IRELAND does not seem to have ever enjoyed so great a degree of favor and prosperity as other parts of Great Britain, notwithstanding the continuous efforts which, for centuries, have been spent in its behalf. This may be due to some extent to its isolated position and the presence of the Irish Channel which unfortunately separates it from England and Scotland. Money and lives have been freely given to secure political union and better conditions, and enormous energy lias been expended to improve the social and commercial standing of Ireland and its inhabitants.
In the light of modern industrial development, the question may reasonably be asked: "Are there not other and more modern and rational ways of bettering Ireland, which, for centuries, has given and is still giving to the world many of its greatest leaders?" Viewing the problem of social and commercial betterment from the standpoint of the constructor or industrial engineer, it would seem that the policies which have been so generally successful in building up and uniting parts of other countries, should also meet with success here. Since the days of the Roman Republic, the building of roads and the linking together of separated states and provinces has proved to be most efficacious, and almost essential to commercial greatness. Realizing the need of road development, the Romans introduced their great policy of highway extension as their best and surest means of developing and uniting their great dominion. It is almost needless to say that the same policy of building roads and other channels for commerce has, for a century or more, been the most successful of all the means adopted for opening up new territory in America, Africa, Australia, China and other countries. The great railway systems of Canada and the United States, the canals at Suez and Panama and the systems of roads and inland canals in Great Britain itself, are evidences of profitable commercial extension due to the opening up of highways of transportation.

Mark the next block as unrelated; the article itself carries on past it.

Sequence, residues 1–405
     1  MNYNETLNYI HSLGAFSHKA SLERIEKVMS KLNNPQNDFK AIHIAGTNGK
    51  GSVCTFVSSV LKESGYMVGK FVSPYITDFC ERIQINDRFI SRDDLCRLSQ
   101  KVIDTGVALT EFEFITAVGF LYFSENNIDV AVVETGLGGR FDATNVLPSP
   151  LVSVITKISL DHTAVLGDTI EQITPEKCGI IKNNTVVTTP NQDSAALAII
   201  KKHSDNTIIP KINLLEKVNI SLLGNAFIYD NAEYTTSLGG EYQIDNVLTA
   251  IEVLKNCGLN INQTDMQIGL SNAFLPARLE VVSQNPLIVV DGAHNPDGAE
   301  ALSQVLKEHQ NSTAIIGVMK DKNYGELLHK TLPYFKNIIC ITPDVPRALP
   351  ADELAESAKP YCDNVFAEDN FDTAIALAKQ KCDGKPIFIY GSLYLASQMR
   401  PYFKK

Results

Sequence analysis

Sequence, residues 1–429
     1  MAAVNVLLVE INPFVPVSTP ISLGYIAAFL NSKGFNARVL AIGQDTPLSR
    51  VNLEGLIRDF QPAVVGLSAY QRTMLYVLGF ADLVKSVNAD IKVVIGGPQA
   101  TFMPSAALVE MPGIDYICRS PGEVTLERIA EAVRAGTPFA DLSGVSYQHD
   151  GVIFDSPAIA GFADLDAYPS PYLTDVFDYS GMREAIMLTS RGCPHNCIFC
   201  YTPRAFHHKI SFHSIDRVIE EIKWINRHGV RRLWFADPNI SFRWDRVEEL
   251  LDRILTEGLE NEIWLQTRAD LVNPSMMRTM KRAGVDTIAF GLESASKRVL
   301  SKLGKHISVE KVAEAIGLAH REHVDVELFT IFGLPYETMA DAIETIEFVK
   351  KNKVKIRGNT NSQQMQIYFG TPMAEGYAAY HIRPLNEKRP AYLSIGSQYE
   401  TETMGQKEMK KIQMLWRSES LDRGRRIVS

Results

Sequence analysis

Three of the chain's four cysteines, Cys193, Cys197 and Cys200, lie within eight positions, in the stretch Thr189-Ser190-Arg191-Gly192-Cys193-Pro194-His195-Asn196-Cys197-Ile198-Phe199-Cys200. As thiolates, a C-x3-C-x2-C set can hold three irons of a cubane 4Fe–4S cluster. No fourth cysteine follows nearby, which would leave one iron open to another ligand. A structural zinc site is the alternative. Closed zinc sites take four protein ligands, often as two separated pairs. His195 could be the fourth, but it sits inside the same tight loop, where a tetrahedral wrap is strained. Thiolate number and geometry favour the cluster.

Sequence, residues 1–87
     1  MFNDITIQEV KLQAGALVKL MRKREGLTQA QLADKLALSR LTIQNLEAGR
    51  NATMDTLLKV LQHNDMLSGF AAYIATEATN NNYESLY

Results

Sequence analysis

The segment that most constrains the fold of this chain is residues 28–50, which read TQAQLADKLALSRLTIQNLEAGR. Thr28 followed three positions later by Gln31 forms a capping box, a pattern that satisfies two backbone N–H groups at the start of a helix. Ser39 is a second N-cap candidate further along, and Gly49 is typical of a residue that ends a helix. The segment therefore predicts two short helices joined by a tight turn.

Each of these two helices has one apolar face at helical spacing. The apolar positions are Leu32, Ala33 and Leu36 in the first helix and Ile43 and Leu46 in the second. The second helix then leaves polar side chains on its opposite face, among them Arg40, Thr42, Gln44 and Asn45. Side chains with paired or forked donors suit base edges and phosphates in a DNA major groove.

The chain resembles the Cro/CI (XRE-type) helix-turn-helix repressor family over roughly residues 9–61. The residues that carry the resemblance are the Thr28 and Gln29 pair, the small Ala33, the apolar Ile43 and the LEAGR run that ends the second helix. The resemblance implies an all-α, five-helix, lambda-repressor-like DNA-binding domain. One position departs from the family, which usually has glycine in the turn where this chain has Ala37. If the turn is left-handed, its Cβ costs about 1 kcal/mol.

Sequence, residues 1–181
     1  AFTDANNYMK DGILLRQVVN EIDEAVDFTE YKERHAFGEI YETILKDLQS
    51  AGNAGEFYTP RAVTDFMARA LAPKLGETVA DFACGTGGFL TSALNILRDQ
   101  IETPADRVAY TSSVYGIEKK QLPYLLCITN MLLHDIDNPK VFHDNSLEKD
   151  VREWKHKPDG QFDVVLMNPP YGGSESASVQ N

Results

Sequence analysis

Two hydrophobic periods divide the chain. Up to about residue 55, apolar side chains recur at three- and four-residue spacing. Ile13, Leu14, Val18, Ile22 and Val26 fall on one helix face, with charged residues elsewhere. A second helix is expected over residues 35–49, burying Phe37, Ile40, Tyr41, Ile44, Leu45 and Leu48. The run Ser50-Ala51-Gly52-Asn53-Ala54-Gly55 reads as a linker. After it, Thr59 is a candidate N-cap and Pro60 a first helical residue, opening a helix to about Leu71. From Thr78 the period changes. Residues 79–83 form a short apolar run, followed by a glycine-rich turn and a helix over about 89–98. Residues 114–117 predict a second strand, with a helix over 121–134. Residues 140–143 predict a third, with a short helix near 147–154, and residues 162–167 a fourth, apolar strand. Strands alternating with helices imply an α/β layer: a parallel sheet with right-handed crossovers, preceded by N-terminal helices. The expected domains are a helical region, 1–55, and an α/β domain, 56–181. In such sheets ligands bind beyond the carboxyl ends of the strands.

Considering the problem from the viewpoint of the engineer and builder, rather than from that of the politician or statesman, it would seem that a positive railway connection between Ireland and England should be of great advantage. The western island, with its population of five million people, still remains separated from England by a sea